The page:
Her husband stayed there every night as she didn’t want to be alone. She spent weeks there and this happened twice.

Those last few weeks there before coming home were amongst the most precious of times for us as a family. We all got to spend time there with her. There was a family room we could spill out into to cry when we needed it. There was also pastoral care with a lovely lady nun called Katherine.

My sister wanted to go home to die and some of the family were very divided on that decision due to her not being able to be moved at all without hoists and special equipment for various things, like all the medication and because some of us were so scared of not being able to give her the same level of care that she was receiving at the hospice with having the multi-disciplinary team constantly available 24/7. We were feeling ill equipped in comparison but it was her final decision and we all got on board and the hospice staff did everything to make that happen including arranging a bed and hoist and every bit of equipment she needed for home and also with the knowledge that if she wanted to at any time she could go back to the hospice.

It was very emotional doing this but my sister was determined and it has been a very poignant thing for everyone concerned. She planned her own funeral. We executed it with precision and care, down to the coffin she had chosen. We had a big celebration of her life with a video and party.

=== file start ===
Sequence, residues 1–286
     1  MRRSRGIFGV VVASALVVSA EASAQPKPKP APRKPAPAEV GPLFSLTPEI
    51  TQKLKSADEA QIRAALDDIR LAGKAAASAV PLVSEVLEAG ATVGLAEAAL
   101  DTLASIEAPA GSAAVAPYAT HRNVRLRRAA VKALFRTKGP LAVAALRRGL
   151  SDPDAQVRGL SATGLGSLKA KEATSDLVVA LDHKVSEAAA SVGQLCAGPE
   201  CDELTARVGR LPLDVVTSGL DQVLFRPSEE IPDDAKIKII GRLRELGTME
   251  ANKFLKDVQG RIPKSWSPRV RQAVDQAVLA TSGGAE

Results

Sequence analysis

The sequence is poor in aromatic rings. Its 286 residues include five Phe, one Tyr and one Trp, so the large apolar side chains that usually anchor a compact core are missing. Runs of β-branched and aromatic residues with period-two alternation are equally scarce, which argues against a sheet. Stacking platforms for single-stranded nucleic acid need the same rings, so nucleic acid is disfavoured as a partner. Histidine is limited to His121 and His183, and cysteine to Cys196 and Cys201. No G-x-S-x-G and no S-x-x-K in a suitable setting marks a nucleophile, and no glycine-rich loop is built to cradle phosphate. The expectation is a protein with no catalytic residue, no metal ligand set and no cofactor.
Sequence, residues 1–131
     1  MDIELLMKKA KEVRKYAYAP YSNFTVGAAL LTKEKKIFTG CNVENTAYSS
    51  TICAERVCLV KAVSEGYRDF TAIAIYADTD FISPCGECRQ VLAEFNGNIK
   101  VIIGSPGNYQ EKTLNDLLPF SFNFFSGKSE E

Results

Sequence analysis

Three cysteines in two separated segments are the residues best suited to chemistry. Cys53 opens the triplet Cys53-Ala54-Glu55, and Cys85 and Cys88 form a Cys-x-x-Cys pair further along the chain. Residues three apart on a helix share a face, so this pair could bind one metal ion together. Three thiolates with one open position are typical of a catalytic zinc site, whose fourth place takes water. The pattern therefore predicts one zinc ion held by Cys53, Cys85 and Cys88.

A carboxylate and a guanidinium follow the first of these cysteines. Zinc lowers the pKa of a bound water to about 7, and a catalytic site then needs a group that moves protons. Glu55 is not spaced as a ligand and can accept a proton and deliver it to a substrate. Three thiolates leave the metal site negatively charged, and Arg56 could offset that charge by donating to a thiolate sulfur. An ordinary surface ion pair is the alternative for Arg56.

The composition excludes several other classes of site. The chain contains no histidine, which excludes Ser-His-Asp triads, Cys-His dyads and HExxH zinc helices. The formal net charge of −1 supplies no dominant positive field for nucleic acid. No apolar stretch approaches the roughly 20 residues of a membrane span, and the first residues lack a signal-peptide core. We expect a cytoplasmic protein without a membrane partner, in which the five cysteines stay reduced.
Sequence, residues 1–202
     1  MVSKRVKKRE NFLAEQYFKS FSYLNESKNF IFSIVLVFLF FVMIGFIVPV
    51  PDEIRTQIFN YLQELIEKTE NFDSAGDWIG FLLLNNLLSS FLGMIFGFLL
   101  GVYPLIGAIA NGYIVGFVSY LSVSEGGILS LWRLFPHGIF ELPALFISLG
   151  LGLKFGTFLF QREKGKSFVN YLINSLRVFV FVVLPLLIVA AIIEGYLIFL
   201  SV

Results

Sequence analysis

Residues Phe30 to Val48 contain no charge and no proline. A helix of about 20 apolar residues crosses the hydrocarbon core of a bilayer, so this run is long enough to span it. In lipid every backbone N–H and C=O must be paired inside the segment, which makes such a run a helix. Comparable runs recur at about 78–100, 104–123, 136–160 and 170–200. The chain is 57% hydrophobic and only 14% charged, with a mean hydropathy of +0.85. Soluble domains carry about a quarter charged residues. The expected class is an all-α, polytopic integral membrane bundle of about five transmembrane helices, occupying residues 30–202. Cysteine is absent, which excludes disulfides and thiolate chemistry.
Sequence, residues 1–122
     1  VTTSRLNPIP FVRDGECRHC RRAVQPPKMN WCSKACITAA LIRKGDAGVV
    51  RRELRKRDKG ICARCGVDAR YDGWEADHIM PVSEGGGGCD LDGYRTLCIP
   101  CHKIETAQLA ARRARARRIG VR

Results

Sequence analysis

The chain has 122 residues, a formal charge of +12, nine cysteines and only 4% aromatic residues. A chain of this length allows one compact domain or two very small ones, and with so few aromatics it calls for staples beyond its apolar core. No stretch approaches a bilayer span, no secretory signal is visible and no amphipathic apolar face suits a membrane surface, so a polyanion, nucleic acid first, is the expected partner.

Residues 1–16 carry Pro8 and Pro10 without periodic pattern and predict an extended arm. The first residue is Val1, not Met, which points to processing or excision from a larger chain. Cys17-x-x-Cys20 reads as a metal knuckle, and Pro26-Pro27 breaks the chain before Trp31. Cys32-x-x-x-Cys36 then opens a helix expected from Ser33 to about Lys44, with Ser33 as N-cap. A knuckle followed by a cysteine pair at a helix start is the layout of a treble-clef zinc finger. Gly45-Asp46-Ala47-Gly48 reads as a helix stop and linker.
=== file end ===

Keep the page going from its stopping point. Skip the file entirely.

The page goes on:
It’s still only a short time after everything that’s happened and losing her and we’re all struggling to have any kind of normal without her. She was the glue and we’re all pretty much unstuck.

We still have her ashes to scatter and as she loved going loads of places we all have our little pots.

My brother wrote her a song called Nashville in Heaven as she never made it to Nashville and always loved country music. Her bucket list was huge as she just loved life and travelling and although she never made it to Nashville our brother will scatter his little pot there. Her song will live on in all of us as she will. It’s so very poignant and I’ll never forget hundreds of people at her celebration of life singing the tagline of ‘I’ll meet you at the bar’.

There will never be another like her.

I’ll miss her forever.

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Response from Margaret Wilkie, Deputy Chief Executive/Head of Clinical Services, St Andrew's Hospice 2 weeks ago
Margaret Wilkie
Deputy Chief Executive/Head of Clinical Services,
St Andrew's Hospice
Submitted on 02/07/2024 at 13:35
Published on Care Opinion at 14:43

picture of Margaret Wilkie

Dear Kaz C,